Memphis  was recorded  on a $145 homemade studio in the heat of a muggy July afternoon with a $79 reel-to-reel Sears, Roebuck recorder that had provisions for sound-on-sound recording. I played the guitar and the bass track, and I added the ticky-tick drums that trot along in the background which sound so good to me. I worked over a month on revising the lyric before I took the tape up to Leonard Chess to listen to. He was again pressed for a release since my concerts (driving on the road then) kept me from the recording studio for long periods.
Based on Berryâs recollection, Fred lists both Memphis and Jo Jo Gunne (which has the same primitive sounding fidelity) as being recorded in St. Louis, July 1958 when he publishes his book âLong Distance Informationâ (2001). He changes his mind when thirteen years later the details of a September 26, 1958 recording contract become available. Both songs are listed on the contract, which also reports that the musicians present at the session are Berry (vocals, guitar), Otis Spann (piano), Willie Dixon (double bass), and Jasper Thomas (drums). Placing the songs (back) in the session, the matrix numbers allocated to the songs now run consecutively, so Fred concludes that Berry must have confused a demo recording of Memphis with the studio cut.
However, itâs still possible Berryâs recollection is actually correct and he recorded the master of Memphis â and Jo Jo Gunne â in his home studio.
First of all, both songs just feature vocals, guitar, and drums (the bass part on Memphis is actually played on the low strings of a guitar). Why are Spann and Dixon suddenly absent? Of course, it could be an artistic decision not to include piano and bass on those songs, but it still seems a bit odd if they were there during the session.
Secondly, Berry writes that he used a âreel-to-reel  recorder that had provisions for sound-on-sound recordingâ â a technique where layers of sound are placed on top of each other (a famous example being How High the Moon by Les Paul and Mary Ford, recorded in 1951). This would explain why the fidelity of those songs is much lower (loss of clarity, considerately more tape hiss) than Anthony Boy and Sweet Little Rock and Roller, the other tracks recorded at the September 1958 session. And it might be coincidental, but session reels with multiple takes of those two songs still exist, while this isnât the case for Memphis nor Jo Jo Gunne.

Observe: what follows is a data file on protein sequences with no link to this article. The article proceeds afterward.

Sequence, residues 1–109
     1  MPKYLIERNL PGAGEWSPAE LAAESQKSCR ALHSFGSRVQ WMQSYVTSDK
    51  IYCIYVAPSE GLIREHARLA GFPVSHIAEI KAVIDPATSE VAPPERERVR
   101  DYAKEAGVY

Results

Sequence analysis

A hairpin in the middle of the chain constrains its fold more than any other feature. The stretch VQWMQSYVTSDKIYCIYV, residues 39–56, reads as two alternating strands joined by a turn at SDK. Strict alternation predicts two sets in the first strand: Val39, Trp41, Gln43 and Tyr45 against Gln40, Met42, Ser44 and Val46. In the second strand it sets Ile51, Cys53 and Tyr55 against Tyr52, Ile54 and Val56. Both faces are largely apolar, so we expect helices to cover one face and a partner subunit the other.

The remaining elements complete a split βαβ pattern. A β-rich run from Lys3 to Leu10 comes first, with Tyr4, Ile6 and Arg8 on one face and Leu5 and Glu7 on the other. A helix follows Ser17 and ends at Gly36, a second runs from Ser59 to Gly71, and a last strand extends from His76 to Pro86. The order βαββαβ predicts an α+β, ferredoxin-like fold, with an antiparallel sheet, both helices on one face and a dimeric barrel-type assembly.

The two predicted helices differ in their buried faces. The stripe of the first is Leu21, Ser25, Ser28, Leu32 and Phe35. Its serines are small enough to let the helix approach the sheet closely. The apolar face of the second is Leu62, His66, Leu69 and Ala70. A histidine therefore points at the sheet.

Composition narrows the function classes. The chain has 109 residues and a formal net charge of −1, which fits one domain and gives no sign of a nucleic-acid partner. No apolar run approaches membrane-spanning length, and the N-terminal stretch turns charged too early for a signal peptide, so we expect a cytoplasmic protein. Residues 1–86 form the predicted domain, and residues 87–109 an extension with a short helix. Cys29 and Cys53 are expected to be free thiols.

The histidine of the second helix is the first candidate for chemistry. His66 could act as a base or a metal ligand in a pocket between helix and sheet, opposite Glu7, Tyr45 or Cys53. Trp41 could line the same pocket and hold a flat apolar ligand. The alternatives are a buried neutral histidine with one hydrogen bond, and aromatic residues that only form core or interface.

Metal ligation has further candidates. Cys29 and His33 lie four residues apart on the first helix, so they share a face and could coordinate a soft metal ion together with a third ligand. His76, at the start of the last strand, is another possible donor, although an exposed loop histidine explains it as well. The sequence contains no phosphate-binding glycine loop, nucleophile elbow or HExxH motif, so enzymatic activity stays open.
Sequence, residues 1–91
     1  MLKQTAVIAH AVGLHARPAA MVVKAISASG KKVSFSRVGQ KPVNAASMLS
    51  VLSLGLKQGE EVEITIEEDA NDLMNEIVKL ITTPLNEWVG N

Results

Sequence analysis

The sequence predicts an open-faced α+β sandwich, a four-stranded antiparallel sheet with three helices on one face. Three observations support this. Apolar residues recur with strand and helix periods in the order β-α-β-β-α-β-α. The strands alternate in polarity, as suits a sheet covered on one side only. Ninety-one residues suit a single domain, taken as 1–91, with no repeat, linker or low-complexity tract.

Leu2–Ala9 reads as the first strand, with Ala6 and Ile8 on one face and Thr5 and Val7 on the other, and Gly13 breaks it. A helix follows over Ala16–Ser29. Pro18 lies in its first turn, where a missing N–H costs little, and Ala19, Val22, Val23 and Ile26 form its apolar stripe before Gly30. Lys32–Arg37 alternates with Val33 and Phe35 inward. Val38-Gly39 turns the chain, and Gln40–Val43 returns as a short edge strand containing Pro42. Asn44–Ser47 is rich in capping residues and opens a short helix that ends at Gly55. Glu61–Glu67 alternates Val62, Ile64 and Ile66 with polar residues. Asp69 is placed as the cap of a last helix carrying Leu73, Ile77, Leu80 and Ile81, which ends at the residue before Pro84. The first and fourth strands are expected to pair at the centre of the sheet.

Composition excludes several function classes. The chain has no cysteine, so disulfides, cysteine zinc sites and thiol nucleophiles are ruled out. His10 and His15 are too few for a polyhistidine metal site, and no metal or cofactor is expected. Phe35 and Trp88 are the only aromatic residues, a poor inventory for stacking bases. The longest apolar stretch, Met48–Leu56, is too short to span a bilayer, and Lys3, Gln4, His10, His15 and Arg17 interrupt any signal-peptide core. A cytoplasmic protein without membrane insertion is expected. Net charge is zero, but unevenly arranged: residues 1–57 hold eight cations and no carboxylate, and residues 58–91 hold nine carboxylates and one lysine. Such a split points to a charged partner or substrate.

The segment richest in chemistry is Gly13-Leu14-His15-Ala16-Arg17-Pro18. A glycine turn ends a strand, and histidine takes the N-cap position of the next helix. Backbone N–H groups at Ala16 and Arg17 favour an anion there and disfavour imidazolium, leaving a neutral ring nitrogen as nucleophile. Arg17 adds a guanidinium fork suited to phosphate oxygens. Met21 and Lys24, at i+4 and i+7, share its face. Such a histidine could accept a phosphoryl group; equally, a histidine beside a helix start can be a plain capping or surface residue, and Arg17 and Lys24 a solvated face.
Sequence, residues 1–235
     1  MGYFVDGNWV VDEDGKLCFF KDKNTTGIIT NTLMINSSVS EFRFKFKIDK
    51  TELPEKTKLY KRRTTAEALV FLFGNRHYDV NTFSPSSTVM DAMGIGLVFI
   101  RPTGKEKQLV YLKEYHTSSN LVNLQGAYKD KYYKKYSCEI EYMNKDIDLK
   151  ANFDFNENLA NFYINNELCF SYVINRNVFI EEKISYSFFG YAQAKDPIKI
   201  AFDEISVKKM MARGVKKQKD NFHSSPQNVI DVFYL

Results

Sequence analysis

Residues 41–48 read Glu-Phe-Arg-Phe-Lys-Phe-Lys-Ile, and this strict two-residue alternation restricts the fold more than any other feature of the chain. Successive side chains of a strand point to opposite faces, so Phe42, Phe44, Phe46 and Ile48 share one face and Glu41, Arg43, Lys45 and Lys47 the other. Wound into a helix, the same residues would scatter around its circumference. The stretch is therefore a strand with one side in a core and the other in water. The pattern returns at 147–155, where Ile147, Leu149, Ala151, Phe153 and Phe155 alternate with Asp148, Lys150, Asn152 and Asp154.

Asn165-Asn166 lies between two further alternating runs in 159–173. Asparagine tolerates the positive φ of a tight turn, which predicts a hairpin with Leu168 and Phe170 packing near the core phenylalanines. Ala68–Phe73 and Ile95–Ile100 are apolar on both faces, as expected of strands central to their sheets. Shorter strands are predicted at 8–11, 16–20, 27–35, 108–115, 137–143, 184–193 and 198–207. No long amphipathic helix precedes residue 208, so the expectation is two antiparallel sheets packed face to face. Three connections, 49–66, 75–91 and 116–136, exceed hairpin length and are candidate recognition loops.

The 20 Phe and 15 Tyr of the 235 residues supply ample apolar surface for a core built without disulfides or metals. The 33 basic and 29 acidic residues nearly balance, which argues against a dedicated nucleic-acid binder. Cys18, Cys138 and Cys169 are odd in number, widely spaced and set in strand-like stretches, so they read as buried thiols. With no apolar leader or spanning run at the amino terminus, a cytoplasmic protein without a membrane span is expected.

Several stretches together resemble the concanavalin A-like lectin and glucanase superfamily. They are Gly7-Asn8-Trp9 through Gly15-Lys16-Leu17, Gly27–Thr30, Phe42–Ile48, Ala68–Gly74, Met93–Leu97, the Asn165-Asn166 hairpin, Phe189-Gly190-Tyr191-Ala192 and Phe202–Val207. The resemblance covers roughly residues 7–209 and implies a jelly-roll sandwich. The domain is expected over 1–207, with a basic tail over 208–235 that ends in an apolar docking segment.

However, we know for certain that Berry misremembers one thing: the only $79 recorder available in 1956 and 1958 catalogues of the Sears & Roebuck mail-order company was the Silvertone 7070, which had no way to do sound-on-sound. Perhaps Berry mixed up his receipts and used an AMPEX or Berlant Concertone recorder, which did have provisions for sound-on-sound in 1958.
Unfortunately, we probably will never find out what has happened exactly. It is possible that Berry recorded Memphis and Jo Jo Gunne all by himself at home. It is also possible that both the basic track and the overdubs were done at the Chess studios. And every combination of home tape and studio overdubs is possible as well. Until we learn better, our database will list Jasper Thomasâ drums and the additional guitars as overdubs with a note that there is an option that Berry recorded all instruments by himself.
Tuesday, January 8. 2019
[Edited version from original post dated 25-12-2017]
Some time ago this blog had a large article on cover variants of the album Chuck Berry On Stage (Chess LP-1480). I had promised a follow-up on Vinyl variants of this album and because a recent discussion with a reader showed that most information about this album floating around on the Net is incorrect, here it comes.
Letâs start with some background information: From early 1962 to late 1963 Chuck Berry was behind bars. Berryâs previous records sold poorly due to his trials. During his prison stay he was not allowed to record new material in the studios. His record company CHESS only had a small stock of unreleased recordings.
Thus the record company was caught cold when new bands on both sides of the Atlantic became successful by covering Berry material. The Beach Boys' Surfinâ USA was released in March 1963, the Stonesâ version of Come On in June. Memphis was a hit by Lonnie Mack and the Beatles had several Berry songs in their repertoire.
There was an urgent need for a new Berry album, but there was nothing to put on it. The Chess brothers dug through their archives and looked for unreleased material recorded during the previous years. They found four tracks recorded August 1961 which they considered worth for release: Trick or Treat, The Man And The Donkey, All Aboard, and a re-recording of Brown Eyed Handsome Man. Two recordings were left from an April 1960 session: Crying Steel and I Still Got The Blues. And there was I Just Want To Make Love To You recorded in July 1959. These seven songs were selected. Today we know that there were other unreleased recordings such as House Of Blue Lights, Time Was, 21 Blues, Oh Yeah, Do You Love Me, Iâm Just A Lucky So And So, or Adulteen. None was regarded as appropriate by the studio bosses, though.